Every day, somebody will receive a diagnosis of a life-altering, serious health condition. Hearing “you have…” can be scary and unsettling, feeling like your world has stopped. For some, such news may be expected. For others, it will be entirely out of the blue. Either way, hearing about a medical condition threatening your overall health and well-being usually requires a second opinion from another doctor.
Maybe you want it treated immediately, but you’ve likely had the disease for months, if not years. Waiting a couple more weeks to go through the proper channels to find the right treatment for you is incredibly important. Keep in mind that fast medicine can also turn into bad medicine.
Doctors are human and, like all of us, can and do make mistakes. Doctors also have different ideas of how they approach certain diseases in treating them. Some doctors are more conservative, while others are more aggressive. Therefore, their opinions and recommendations can vary dramatically. It’s essential to get another set of eyes to review your lab work, scans, and x-rays and get their understanding of your health condition and what their recommendation is on how to move forward.
Seeking out a second opinion is a good idea for several reasons:
- To make sure your diagnosis is correct
- To find out more information on your condition
- To allow you to talk to a doctor with expertise in your medical condition
- To explore other treatment options
When should you get a second opinion?
Getting a second opinion is not required for all health concerns, but there are times when getting that second opinion can be the best thing you did. What if you get a second opinion and the second doctor’s findings differ vastly from the first? It may be time to get a third opinion. Second opinions are not always the right ones to choose. Keep digging until the treatment and diagnosis make sense to you.
Here is a listing of reasons when a second opinion can be a valuable tool in your healthcare decisions:
1. If you have had treatment for your condition, but your symptoms have not gone away
You are the expert on your bodies. You know how you feel, and when symptoms that were supposed to be alleviated with treatment are still present, it may be time to seek out another person’s opinion. You do not have to live with chronic pain or uncomfortable feelings that have not been helped. Advocate for yourself and keep searching for doctors who listen and are open to trying new methods of treatment.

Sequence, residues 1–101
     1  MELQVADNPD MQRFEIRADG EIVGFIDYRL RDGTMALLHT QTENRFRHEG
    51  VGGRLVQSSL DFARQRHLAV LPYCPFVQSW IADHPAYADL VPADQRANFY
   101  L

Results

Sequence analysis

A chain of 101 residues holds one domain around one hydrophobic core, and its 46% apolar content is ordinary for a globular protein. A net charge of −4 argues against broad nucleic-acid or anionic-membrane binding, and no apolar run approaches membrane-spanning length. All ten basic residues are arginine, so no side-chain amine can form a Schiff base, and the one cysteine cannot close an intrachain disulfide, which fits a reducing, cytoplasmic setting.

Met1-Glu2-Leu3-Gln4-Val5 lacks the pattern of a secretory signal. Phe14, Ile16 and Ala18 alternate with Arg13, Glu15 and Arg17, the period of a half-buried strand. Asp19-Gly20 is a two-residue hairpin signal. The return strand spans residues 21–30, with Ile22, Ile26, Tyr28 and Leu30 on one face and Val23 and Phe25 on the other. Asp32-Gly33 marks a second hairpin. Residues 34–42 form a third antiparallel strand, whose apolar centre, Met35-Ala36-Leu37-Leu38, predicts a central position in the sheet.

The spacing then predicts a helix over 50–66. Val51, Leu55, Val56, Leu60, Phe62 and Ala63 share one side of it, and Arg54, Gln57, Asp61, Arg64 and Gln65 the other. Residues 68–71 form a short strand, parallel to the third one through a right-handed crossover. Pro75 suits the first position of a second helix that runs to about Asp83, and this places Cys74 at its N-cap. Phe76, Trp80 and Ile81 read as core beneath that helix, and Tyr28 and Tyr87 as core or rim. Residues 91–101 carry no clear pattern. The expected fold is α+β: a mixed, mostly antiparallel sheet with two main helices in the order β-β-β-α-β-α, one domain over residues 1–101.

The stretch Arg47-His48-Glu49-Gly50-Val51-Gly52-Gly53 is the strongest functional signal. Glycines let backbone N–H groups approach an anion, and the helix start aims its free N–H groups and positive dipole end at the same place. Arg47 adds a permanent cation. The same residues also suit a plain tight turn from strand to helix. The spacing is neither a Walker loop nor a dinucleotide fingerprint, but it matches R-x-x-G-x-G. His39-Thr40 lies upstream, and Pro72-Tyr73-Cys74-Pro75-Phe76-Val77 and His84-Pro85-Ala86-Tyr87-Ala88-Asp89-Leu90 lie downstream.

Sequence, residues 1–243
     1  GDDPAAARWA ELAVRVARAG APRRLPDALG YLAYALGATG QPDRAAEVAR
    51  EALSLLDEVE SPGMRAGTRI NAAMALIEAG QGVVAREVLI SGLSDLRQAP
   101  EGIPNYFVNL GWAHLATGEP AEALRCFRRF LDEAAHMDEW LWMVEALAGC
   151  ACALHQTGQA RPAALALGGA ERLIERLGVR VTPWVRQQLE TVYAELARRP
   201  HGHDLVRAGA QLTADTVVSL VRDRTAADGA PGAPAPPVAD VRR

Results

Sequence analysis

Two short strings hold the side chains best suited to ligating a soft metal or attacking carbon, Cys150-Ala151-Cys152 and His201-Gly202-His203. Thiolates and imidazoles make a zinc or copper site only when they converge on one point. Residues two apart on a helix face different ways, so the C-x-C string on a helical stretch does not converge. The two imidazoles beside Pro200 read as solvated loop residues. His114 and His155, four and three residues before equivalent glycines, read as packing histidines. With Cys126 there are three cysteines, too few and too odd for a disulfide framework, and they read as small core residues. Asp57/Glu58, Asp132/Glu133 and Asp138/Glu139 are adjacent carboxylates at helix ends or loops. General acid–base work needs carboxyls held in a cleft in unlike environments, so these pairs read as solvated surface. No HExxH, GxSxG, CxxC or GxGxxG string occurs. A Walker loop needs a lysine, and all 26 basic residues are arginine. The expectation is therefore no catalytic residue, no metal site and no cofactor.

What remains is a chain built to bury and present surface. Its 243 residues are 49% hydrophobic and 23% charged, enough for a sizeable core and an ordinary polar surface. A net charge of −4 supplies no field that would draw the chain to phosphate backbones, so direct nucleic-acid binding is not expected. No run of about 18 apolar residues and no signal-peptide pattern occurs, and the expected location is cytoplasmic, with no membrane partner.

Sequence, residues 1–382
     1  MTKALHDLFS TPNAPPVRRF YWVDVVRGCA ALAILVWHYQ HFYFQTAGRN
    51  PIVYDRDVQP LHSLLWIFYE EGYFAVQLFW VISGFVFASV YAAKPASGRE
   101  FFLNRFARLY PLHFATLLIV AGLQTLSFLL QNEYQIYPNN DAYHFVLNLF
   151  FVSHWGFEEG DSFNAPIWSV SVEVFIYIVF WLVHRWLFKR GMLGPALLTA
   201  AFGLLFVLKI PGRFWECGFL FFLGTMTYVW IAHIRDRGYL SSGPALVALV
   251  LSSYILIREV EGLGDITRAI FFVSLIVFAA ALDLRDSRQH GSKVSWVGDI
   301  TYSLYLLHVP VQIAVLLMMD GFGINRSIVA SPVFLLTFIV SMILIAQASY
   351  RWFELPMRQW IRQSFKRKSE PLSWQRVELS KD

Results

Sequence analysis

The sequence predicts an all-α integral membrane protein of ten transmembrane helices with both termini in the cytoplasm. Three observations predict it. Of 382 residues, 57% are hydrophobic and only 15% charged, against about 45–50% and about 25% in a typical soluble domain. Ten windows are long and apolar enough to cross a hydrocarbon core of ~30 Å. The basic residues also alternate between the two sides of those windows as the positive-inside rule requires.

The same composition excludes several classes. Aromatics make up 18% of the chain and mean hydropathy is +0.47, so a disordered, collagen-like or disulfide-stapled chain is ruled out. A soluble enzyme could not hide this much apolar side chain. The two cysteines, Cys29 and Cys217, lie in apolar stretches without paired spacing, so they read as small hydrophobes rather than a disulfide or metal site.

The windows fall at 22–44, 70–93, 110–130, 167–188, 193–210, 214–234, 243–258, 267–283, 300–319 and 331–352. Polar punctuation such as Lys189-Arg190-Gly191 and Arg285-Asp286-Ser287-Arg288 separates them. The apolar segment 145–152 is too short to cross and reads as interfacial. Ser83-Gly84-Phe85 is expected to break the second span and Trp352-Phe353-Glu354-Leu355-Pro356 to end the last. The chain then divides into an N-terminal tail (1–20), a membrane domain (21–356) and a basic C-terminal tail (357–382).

2. If you are diagnosed with a rare disease or condition
One of the most frustrating and frightening things is to be diagnosed with a rare disease with little scientific research. Approximately 1 in 10 Americans is diagnosed with a rare disease. With almost 7,000 known rare diseases or disorders and more that get discovered each year, information on how best to treat them is limited. This makes it imperative to get a second opinion. There could be a chance you were misdiagnosed. If the diagnosis is confirmed as having a rare condition, search out doctors and specialists well-versed with your disorder and get their opinion on how to treat it.
3. If you are being recommended to have surgery or the treatment is risky with possible lifelong consequences
Always explore your options before candidly agreeing to surgery or other invasive procedures. Remember, you have a say in what treatments you consent to or not, it’s your body, your choice. Decide to seek that second opinion in order to gather as much information as possible. Being proactive and not passive will give you greater degree of control over how you are treated in the end.
4. If you are diagnosed with cancer
Cancer is a serious diagnosis and should always require a second opinion. At the time of diagnosis, you are likely confused and overwhelmed by this life-changing event. Being as informed as possible about your prognosis and available treatment options is important. Again, advocate for yourself. Tell the doctor who diagnosed you that you want a second opinion. Many oncologists specialize in specific types of cancer, making them experts in those diseases. They can be of invaluable help and advice on steering you in the right direction on how you should execute the course of your treatment.
In addition, some insurance providers require a second opinion when it comes to a cancer diagnosis.
5. If you feel uncomfortable with a diagnosis
Listen to your instincts. Get a second opinion if your gut is telling you something doesn’t seem right with a diagnosis. Never agree to a treatment or procedure when something seems off. Again, trust your instincts and get more information. Discuss your concerns with a new doctor, read up on or talk to others who’ve had your condition. Ask many questions on everything from prescription medications to what possible new treatments are being developed.
Remember, most of us do not have to make major healthcare decisions immediately. Instead, take some time to gather your information, research your conditions, and search out that second opinion empowering you to feel confident about your diagnosis and treatment plan.
Dr. David Samadi is the Director of Men’s Health and Urologic Oncology at St. Francis Hospital in Long Island. He’s a renowned and highly successful board certified Urologic Oncologist Expert and Robotic Surgeon in New York City, regarded as one of the leading prostate surgeons in the U.S., with a vast expertise in prostate cancer treatment and Robotic-Assisted Laparoscopic Prostatectomy. Dr. Samadi is a medical contributor to NewsMax TV and is also the author of The Ultimate MANual, Dr. Samadi’s Guide to Men’s Health and Wellness, available online both on Amazon and Barnes & Noble. Visit Dr. Samadi’s websites at robotic oncology and prostate cancer 911.